**Ascending Cardinal Numbers**

For the sake of shorthand, I'll call that little code snippet “rank.” It becomes evident what is happening with rank when you start applying it to binary numbers. For example:

```
X←0 0 1 0 1
⍋⍋X ⍝ output is 1 2 4 3 5
```

The output indicates the position of the values after sorting. You can see from the output that the two 1s will end up in the last two slots, 4 and 5, and the 0s will end up at positions 1, 2 and 3. Thus, it is assigning rank to each value of the vector. Compare that to grade up:

```
X←7 8 9 6
⍋X ⍝ output is 4 1 2 3
⍋⍋X ⍝ output is 2 3 4 1
```

You can think of grade up as **this position gets that number** and, you can think of rank as **this number gets that position**:

```
7 8 9 6 ⍝ values of X
4 1 2 3 ⍝ position 1 gets the number at 4 (6)
⍝ position 2 gets the number at 1 (7) etc.
2 3 4 1 ⍝ 1st number (7) gets the position 2
⍝ 2nd number (8) gets the position 3 etc.
```

It's interesting to note that grade up and rank are like two sides of the same coin in that you can alternate between the two. In other words, we have the following identities:

```
⍋X = ⍋⍋⍋X = ⍋⍋⍋⍋⍋X = ...
⍋⍋X = ⍋⍋⍋⍋X = ⍋⍋⍋⍋⍋⍋X = ...
```

**Why?**

So far that doesn't really answer Mr Peschi's question as to why it has this effect. If you think in terms of key-value pairs, the answer lies in the fact that the original keys are a set of ascending cardinal numbers: 1 2 3 4. After applying grade up, a new vector is created, whose values are the original keys rearranged as they would be after a sort: 4 1 2 3. Applying grade up a second time is about restoring the original keys to a sequence of ascending cardinal numbers again. However, the values of this third vector aren't the ascending cardinal numbers themselves. Rather they correspond to the keys of the second vector.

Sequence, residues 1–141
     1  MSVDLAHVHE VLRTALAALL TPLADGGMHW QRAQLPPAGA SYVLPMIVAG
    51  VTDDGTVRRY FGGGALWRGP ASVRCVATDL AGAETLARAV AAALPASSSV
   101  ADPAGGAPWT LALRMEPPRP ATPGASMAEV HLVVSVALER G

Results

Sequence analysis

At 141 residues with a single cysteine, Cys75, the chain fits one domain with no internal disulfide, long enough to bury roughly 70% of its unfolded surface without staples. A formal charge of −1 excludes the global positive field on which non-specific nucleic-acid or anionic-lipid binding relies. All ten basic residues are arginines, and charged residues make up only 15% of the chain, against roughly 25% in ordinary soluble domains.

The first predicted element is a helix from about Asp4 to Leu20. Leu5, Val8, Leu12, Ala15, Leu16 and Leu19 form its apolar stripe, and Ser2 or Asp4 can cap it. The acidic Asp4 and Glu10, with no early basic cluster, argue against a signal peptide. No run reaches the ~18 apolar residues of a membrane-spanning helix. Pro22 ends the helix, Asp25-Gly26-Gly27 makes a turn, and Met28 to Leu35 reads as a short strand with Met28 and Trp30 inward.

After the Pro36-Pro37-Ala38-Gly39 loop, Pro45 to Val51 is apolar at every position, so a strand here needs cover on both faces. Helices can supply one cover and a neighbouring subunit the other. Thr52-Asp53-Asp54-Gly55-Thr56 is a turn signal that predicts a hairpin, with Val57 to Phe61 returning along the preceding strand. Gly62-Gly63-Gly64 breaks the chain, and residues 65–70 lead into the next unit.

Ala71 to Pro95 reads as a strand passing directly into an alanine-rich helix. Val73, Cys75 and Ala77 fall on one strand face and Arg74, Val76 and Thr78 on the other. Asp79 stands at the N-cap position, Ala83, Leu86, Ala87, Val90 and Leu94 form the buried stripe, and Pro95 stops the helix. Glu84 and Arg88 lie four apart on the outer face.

It's kind of hard to understand since it's a reference to a reference, but the values of the third vector are referencing the orginal set of numbers as they occurred in their original positions:

```
7 8 9 6
2 3 4 1
```

In the example, 2 is referencing 7 from 7's original position. Since the value 2 also corresponds to the key of the second vector, which in turn is the second position, the final message is that after the sort, 7 will be in position 2. 8 will be in position 3, 9 in 4 and 6 in the 1st position.

**Ranking and Shareable**

In the FinnAPL Idiom Library, the 2nd item is described as “Ascending cardinal numbers (ranking, shareable) ,” and the code is as follows:

```
⌊.5×(⍋⍋X)+⌽⍋⍋⌽X
```

The output of this code is the same as its brother, ascending cardinal numbers (ranking, all different) as long as all the values of the input vector are different. However, the shareable version doesn't assign new values for those that are equal:

```
X←0 0 1 0 1
⌊.5×(⍋⍋X)+⌽⍋⍋⌽X ⍝ output is 2 2 4 2 4
```

The values of the output should generally be interpreted as relative, i.e. The 2s have a relatively lower rank than the 4s, so they will appear first in the array.